Treatment has been delayed a week and is now due to start on 10 Feb. They have booked me into the Cancer Lodge in Hamilton for the 7 weeks of daily radiation. I'll have radiation 5 days a week. It only takes 10 minutes or so each day. I'll be having some chemo at the same time, not sure what or when. I'll stay at the Lodge Mon to Fri and there is a shuttle bus to Rotorua.
Meantime I have learned a bit about how to make sense of cancer statistics from reading a beautifully-written and compelling book by Siddhartha Mukeherjee - The emperor of all maladies: a biography of cancer. He won the Pulitzer Prize for Non-Fiction for this book, written in his spare time between being a dad, a doctor and a researcher.
There are more people than ever getting cancer. But part of that is because we are living longer, and the chances of anyone getting a cancer diagnosis increase quite dramatically with age. The overall survival rates are improving, but only slowly, and the overall success rate is driven by improvements in treatment in a couple of areas.
People diagnosed with breast, bowel and ovarian cancers and non-Hodgkin's lymphoma are now twice as likely to survive for at least 10 years compared to those diagnosed in the 1970s. (UK Cancer Research).Yes, treatment has improved for these, but earlier diagnosis and better screening programmes help significantly to account for the apparent success. Still, one in 4 deaths in the US is due to cancer, and across the whole lifetime 1 in 2 men and 1 in 3 women will receive a cancer diagnosis. In Australia, cancer is the leading cause of total burden of disease. Across Australia, 4,000 people this year will get a diagnosis similar to mine (though 3,000 of those will be males).
That one is presented to sound good - well, we are winning aren't we? Or are we? Read it again. Only 66% of people who are found to have cancer are going to be alive five years following the diagnosis. Is that good? Good enough?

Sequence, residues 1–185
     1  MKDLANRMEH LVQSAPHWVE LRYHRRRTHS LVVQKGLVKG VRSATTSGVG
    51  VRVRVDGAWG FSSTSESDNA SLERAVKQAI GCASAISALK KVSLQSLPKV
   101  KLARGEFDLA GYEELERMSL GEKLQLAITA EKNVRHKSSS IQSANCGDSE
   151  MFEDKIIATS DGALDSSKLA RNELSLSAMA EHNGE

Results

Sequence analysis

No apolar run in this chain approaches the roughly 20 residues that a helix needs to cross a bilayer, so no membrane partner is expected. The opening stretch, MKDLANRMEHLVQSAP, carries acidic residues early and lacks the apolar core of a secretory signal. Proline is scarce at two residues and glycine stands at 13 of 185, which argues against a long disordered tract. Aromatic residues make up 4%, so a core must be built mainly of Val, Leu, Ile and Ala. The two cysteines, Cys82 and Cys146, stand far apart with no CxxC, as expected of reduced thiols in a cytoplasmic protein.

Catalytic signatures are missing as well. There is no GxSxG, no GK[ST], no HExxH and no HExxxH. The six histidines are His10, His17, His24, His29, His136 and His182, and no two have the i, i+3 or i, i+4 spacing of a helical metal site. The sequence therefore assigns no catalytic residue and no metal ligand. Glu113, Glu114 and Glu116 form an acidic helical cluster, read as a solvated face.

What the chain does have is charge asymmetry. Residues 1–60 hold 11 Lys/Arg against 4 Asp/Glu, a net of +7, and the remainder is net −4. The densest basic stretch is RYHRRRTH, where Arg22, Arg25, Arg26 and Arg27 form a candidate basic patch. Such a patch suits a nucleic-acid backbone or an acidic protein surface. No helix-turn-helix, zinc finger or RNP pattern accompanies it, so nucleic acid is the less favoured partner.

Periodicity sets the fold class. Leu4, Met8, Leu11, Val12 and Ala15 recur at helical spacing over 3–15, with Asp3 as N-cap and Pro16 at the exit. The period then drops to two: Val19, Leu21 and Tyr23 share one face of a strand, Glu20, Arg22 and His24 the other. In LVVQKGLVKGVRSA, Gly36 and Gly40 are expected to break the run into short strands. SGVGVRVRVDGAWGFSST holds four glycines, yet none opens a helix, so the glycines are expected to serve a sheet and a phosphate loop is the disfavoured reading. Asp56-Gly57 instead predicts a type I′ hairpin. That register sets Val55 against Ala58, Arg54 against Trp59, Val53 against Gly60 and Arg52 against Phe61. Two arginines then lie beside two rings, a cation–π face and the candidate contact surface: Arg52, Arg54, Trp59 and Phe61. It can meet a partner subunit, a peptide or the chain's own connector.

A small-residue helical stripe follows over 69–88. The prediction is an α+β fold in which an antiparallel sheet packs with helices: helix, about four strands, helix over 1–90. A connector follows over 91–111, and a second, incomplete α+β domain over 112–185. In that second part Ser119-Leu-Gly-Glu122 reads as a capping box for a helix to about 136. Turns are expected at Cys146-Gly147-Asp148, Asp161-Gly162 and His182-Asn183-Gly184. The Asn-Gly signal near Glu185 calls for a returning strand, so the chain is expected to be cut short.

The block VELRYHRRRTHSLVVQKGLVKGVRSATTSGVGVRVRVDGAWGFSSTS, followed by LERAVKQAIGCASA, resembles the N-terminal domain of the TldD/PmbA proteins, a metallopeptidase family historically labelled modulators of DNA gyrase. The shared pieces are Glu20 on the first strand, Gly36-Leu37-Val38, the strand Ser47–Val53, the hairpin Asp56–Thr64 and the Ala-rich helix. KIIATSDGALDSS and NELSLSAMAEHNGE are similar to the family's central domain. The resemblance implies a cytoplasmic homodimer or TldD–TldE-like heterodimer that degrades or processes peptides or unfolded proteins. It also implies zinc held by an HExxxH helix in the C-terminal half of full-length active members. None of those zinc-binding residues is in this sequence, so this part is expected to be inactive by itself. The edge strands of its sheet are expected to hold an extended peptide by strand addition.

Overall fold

- For 2006–2010, five-year relative survival for all cancers combined in Australia was 66.1 per cent...Relative survival rates for cancer have increased in recent years (Cancer Australia)
One of the quotes I read today said something along the lines of -- treatment for cancer is like whacking a dog with a stick to get rid of fleas.
I had an MRI last week in Hamilton.
How an MRI works is another story, but having an MRI scan is a pretty weird experience. It takes quite a long time and the machine is very noisy. Very Jetsons-noisy actually. For something so high-tech it sounds very retro space-age, grinding and pulsating and clanking away, completely drowning out the (ghastly) music of Coast radio coming through the headphones they provided.
I can't help but think that cancer treatment today, for all this state of the art technology, has not greatly improved over where it was in the days when all they could do was cut out the obvious tumours and hope they'd got it all. Chemotherapy itself can sometimes cause similar mutations as happen with HPV, resulting in even-more rampant and aggressive forms of cancer, and so can radiotherapy. Still, if it is all there is to get of my fleas, I might as well submit to the stick.